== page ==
A thousand steps ahead November 25, 2009Posted by CK in Miscellaneous, Travel.
Tags: Climate chaos, Klimatkaos, Metro, Stockholm, Sweden
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I’m writing from Stockholm, Sweden, where I came for ICSOC/ServiceWave 2009. This morning, while in the train, I noticed an advertisement of SAS for various bargain flights. What really caught my attention though, was a frame inside the advertisement, which seemed a lot like those on packets of cigarettes warning that smoking causes cancer etc. So looking a bit closer, I could deduce that it said “Flying leads to climate chaos”.
Weather aside, this place is pure amazement. Hats off.
Clojure November 6, 2009Posted by CK in IT, Software.
Tags: Clojure, Jython, Languages, Programming, Python, Scala
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Even before I actually study it in detail, Clojure becomes my latest fixation. A Lisp-based functional, general-purpose language, which produces JVM bytecode and has access to Java libraries? Sounds like a dream come true. I never liked Java, and as a matter of fact, I consider myself a Java-dyslexic. No matter how much I tried in the past, I never got around learning enough of it to use further than “Hello, world”s. Its syntactic resemblance to C, with which I am (was?) quite proficient, didn’t help much. Nevertheless, the breadth and depth of libraries that exist in Java are mind-boggling, and the ability to use them with a different language is just great. I know there are other JVM-based languages, e.g. Scala, but somehow after reading introductory material they never enticed me enough. Also, I really don’t know how come, although a big fan of Python I never tried Jython. I assume I just preferred the real thing — Python also has an extensive and compelling set of libraries.
In any case, I’ll try to get a closer look at Clojure and come back with a more complete opinion.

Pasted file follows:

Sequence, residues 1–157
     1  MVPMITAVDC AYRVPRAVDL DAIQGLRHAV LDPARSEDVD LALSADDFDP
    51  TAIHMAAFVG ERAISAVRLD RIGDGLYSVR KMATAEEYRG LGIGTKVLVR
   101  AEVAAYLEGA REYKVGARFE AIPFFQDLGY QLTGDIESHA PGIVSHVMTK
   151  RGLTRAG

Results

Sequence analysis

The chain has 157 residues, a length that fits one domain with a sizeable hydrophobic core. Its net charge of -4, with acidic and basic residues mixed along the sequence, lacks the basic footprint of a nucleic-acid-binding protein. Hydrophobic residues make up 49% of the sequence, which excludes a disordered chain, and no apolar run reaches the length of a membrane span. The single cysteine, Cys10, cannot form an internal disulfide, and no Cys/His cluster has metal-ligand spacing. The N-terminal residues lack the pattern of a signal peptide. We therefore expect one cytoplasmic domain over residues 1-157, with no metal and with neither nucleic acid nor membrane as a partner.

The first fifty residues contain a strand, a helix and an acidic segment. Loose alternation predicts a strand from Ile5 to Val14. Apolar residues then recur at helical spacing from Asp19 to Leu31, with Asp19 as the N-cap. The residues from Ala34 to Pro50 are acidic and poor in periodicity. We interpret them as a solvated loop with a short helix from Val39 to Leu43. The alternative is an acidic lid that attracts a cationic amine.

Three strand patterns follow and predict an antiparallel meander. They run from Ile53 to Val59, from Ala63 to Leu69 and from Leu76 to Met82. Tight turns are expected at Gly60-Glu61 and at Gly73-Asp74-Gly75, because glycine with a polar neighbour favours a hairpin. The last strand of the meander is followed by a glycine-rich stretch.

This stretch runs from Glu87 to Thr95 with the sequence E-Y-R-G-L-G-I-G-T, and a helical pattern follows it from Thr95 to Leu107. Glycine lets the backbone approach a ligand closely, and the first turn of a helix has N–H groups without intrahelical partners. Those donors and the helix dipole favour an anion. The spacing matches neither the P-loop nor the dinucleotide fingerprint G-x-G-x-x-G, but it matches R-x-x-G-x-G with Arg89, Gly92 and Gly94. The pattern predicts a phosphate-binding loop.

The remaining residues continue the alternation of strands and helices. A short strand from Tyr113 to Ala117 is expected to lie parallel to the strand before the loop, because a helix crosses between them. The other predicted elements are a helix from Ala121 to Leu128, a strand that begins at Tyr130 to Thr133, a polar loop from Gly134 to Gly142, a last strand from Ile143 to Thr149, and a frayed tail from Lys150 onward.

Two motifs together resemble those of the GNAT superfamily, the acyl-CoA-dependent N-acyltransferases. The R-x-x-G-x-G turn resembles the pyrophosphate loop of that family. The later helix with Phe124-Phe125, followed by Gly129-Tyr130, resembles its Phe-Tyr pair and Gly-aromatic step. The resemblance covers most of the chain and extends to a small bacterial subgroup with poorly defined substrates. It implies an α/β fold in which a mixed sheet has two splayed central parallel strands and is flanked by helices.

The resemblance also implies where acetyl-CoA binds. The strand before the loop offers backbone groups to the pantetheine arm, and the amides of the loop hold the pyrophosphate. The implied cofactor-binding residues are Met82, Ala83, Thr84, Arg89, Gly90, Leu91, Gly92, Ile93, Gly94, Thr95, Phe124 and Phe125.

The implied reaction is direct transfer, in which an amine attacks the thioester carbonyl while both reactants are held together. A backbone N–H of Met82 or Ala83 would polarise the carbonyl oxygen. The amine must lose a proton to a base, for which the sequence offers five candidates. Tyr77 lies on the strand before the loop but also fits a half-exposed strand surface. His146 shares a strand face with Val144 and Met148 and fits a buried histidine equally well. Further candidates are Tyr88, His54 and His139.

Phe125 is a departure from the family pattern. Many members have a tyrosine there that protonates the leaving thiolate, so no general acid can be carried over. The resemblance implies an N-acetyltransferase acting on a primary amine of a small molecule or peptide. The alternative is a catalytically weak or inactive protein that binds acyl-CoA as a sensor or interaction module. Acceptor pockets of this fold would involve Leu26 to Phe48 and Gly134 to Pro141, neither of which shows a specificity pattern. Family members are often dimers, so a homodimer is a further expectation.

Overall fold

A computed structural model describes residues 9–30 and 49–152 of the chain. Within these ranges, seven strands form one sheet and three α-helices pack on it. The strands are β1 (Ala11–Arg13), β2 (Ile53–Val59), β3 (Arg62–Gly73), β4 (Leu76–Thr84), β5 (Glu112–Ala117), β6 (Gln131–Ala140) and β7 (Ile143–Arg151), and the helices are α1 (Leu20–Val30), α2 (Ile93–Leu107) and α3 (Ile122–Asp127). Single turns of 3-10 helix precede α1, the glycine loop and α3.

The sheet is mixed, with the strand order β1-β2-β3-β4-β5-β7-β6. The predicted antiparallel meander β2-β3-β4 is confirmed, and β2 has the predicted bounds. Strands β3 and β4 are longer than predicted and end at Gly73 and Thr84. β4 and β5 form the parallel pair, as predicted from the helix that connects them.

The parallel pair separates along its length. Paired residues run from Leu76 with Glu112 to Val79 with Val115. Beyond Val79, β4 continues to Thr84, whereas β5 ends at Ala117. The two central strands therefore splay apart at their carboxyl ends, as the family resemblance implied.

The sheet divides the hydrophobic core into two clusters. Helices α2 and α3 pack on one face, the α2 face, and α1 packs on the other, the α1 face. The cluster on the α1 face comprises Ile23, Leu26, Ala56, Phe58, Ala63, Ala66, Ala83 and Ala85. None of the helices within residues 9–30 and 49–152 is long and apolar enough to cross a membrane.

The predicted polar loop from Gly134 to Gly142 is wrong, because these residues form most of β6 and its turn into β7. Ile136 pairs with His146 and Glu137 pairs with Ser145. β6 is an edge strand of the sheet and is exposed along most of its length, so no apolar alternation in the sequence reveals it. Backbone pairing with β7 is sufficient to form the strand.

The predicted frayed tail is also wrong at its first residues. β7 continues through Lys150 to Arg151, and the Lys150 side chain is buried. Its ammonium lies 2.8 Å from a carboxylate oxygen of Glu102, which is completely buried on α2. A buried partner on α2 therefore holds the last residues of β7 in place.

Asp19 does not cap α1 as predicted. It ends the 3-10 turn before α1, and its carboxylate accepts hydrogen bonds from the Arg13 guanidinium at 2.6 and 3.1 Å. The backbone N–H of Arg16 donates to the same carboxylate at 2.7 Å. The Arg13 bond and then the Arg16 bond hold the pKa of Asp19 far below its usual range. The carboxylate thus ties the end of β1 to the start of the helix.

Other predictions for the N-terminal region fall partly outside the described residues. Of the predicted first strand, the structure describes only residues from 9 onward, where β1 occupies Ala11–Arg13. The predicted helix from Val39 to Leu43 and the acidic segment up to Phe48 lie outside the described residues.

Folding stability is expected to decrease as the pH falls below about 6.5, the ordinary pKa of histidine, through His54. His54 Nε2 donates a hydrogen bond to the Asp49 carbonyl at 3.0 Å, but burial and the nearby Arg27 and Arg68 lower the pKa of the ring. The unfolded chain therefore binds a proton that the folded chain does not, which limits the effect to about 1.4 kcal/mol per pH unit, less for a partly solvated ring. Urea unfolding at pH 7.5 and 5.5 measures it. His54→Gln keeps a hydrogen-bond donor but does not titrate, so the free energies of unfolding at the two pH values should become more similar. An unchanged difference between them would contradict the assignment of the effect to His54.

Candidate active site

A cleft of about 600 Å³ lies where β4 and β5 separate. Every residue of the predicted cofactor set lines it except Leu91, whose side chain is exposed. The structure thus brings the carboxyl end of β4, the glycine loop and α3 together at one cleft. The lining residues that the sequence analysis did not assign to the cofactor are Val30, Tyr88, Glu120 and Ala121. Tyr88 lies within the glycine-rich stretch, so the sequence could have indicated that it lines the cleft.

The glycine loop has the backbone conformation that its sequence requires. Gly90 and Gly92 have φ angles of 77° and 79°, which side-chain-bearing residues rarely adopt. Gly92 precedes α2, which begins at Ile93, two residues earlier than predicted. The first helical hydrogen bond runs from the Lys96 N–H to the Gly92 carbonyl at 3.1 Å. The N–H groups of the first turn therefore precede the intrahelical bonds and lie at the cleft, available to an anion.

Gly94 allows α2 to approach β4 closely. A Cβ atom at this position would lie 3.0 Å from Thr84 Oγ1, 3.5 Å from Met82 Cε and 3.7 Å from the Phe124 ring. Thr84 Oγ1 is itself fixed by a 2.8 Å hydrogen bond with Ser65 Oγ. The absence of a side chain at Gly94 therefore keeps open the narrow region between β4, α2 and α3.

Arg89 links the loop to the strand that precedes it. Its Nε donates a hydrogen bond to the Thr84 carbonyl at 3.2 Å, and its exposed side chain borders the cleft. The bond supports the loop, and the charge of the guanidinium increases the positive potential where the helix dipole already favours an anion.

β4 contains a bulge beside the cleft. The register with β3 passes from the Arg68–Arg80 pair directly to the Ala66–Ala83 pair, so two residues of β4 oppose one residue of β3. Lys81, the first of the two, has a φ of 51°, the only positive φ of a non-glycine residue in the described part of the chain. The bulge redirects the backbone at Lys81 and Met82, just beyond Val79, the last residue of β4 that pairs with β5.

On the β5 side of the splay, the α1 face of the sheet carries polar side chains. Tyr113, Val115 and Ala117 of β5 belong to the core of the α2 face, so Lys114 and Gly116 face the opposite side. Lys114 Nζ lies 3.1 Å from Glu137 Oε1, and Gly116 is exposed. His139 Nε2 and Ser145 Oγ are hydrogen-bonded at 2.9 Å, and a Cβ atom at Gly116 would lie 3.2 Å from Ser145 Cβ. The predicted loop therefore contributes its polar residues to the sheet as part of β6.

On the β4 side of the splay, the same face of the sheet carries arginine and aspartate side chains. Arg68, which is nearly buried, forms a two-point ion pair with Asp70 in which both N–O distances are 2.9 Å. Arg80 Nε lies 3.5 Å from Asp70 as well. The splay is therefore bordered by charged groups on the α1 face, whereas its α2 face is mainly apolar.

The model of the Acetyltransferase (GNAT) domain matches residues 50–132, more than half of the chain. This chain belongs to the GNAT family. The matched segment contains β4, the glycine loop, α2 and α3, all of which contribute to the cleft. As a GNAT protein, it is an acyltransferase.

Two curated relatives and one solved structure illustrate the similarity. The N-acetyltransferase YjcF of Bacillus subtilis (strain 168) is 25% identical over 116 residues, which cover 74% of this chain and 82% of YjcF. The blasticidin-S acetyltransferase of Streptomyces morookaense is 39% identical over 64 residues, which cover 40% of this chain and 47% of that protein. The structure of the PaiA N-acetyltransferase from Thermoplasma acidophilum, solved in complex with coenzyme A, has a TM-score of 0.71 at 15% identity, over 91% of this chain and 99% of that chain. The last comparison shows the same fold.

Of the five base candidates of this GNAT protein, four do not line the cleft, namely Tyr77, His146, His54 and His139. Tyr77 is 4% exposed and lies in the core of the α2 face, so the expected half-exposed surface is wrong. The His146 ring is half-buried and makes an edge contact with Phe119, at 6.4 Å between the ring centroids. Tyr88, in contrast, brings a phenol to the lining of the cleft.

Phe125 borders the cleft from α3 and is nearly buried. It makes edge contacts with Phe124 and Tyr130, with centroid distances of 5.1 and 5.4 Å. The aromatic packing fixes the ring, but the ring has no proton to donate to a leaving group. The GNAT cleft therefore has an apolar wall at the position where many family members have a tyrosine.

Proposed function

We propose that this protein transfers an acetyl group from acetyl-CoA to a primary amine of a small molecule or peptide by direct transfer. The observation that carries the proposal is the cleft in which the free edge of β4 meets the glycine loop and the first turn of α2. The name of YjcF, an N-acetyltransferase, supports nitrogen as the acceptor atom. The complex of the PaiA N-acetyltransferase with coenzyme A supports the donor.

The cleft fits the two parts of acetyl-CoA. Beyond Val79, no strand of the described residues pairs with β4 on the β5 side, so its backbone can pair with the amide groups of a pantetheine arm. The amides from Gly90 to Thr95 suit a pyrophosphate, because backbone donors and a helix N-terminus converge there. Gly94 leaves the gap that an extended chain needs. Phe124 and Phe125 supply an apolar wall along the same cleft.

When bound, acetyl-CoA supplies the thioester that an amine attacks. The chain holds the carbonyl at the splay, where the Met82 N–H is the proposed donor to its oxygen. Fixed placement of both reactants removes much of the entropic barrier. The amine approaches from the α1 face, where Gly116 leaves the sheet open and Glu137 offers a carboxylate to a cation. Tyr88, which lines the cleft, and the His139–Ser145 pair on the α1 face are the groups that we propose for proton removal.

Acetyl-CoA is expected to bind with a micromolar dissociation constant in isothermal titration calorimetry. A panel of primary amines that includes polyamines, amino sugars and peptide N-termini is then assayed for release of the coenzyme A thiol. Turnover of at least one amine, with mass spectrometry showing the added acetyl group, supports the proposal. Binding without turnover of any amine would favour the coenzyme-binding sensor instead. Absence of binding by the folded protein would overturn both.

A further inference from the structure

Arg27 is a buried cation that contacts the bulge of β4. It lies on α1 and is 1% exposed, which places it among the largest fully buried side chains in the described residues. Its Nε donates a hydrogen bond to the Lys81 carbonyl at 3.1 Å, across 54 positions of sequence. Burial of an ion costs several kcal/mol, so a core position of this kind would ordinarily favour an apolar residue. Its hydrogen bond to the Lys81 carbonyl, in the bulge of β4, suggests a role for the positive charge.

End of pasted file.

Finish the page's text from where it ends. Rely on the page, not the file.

Suddenly, a wave of optimism kicks in November 4, 2009Posted by CK in Miscellaneous.
Tags: Diomidis Spinellis, ΓΓΠΣ
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This is mostly a post for Greek readers.
I just read (text in Greek!) that the new General Secretary for Information Systems (ΓΓΠΣ) of the Ministry of Economy and Finance is Diomidis Spinellis, a Professor at the Athens University of Economics and Business who’s blog we have linked to in the past from here. Diomidis Spinellis is well known not only in the Greek, but also in the global software engineering community, with highly regarded publications and books from publishers such as O’Reilly and Addison Wesley. His h-index of 23 (as of this moment) is proof enough.
Why is this important? The recently elected government in Greece decided, for the first time, to appoint all general secretaries for ministries after an open public tender. Until now, they were always appointed directly following decisions made by the (new) ministers. The appointment of Prof. Spinellis is a strong indication that the tender was honest, CVs were seriously taken into account, and knowledgeable people were appointed to these very critical positions.
Other than that, Prof. Spinellis is a well-known proponent of free/open source software in Greece, and has contributed to a large number of events and activities in that regard. So his appointment in this position, apart from providing some certainty as regards the technical decisions of the most critical IT systems of the Greek public sector, is also deeply satisfying as regards the prospects of FLOSS in Greece.
I can only wish him all success in his new (and difficult) tasks, and hope that my expectations will be met. Maybe Greece will be a bit better when I return 🙂